Rainy Day Writing

Writing, Reading, Inspirations and Aspirations

He Said/She Said: Another Year of the Dreaded DIY Disease

I’m getting to that age. The one where you have trouble remembering special occasions, such as birthdays, anniversaries and if I’m honest, most major holidays. It’s easy to do when you have no social commitments to attend to, or what some people might refer to as a “social life”.

And since we have no social obligations, we often end up doing DIY projects about this time of year, because who doesn’t love shutting off the power and water for hours at a time during the winter holidays?

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So I know it must be New Years because there is a coat of drywall dust on every horizontal surface in the house, as well as on the flat screen TV, which has been tuned to the Twilight Zone three day marathon for what seems like a week already. It kind of adds to the whole Twilight Zone ambience, though, with it’s cloudy black and white asthetic.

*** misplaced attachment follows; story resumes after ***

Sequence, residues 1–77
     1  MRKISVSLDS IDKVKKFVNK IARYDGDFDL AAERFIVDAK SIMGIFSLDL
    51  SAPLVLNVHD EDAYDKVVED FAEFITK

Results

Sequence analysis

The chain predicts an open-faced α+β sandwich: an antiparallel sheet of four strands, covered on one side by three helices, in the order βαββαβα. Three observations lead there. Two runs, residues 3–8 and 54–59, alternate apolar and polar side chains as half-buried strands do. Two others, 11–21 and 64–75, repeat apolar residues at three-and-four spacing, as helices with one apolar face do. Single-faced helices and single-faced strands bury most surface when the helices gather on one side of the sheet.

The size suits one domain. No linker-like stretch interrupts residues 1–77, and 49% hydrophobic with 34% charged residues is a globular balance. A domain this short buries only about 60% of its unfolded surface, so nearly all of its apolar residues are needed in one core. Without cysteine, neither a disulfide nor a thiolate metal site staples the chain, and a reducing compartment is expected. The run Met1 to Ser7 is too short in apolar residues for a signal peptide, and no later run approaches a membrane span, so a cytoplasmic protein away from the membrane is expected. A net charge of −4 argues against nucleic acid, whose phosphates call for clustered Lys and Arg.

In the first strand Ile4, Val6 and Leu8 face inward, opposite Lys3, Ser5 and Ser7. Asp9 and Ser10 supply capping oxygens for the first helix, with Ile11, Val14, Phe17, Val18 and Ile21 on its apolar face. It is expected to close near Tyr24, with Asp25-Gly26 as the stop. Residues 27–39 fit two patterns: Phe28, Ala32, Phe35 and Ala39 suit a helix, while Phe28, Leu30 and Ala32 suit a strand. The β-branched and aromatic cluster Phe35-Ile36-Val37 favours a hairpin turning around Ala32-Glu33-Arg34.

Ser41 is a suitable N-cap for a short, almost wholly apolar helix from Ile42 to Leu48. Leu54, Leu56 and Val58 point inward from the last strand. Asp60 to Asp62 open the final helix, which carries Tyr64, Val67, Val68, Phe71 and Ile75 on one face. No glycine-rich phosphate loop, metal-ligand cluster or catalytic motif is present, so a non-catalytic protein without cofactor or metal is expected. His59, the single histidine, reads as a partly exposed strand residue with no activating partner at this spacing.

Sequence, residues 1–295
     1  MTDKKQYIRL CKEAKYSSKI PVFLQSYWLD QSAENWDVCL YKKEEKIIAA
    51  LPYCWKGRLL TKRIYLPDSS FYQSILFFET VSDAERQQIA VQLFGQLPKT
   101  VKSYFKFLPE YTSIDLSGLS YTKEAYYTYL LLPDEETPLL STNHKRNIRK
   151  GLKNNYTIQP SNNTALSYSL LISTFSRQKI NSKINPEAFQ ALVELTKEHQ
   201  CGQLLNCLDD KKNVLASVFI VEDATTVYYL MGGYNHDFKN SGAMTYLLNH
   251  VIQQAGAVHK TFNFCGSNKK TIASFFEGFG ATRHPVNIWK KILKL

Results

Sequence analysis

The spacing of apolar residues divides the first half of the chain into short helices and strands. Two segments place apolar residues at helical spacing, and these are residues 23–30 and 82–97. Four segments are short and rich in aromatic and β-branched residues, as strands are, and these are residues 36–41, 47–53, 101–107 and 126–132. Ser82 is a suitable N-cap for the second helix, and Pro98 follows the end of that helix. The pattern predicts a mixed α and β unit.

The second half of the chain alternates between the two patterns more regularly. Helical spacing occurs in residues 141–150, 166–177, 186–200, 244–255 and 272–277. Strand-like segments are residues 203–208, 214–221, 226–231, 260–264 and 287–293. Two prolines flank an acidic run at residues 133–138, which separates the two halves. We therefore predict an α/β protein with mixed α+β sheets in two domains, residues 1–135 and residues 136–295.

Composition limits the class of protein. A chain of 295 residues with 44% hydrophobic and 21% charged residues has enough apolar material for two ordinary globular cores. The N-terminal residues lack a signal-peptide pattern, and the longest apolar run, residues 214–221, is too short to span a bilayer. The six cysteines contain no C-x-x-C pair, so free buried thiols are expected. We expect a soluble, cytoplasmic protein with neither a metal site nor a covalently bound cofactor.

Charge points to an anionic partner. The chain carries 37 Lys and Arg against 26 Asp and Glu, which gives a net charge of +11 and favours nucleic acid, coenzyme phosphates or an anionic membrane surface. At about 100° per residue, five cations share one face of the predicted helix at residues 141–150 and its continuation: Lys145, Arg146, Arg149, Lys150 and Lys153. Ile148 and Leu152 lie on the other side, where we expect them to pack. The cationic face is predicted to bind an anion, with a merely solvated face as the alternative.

And tiny, fluffy little drifts of fiberglass insulation float in the air like fairies, illuminating weak streams of sunlight whenever the heat pump kicks on, which is often, because it’s, you know, January.

And the old man and I had like five or six little arguments, within the course of so many days. Okay, so we actually had a major screaming match this afternoon, but after eating nothing but sandwiches and coffee for a week and washing all our dishes in the bathroom sink, and what with all the itchy eyes and sneezing every time the heat goes on, a little screaming is in order, don’t you agree?

I don’t know why we insist on tormenting ourselves with this DIY madness, even as we get older and find it challenging some days just to get out of our chairs.

And I don’t know why we choose holiday weeks to get down and dirty with our tools and our grungiest clothes, when everyone else is dressing up and going out and cooking and hosting special dinners and partying and stuff.

It truly is a disease. This DIY stuff. But it also keeps us busy instead of sitting around pouting because we have no social life. And the house is looking great!

So DIY we do, and we do it pretty well after thirty nine years worth. Well enough so that when the dust settles, we are generally happy with the results.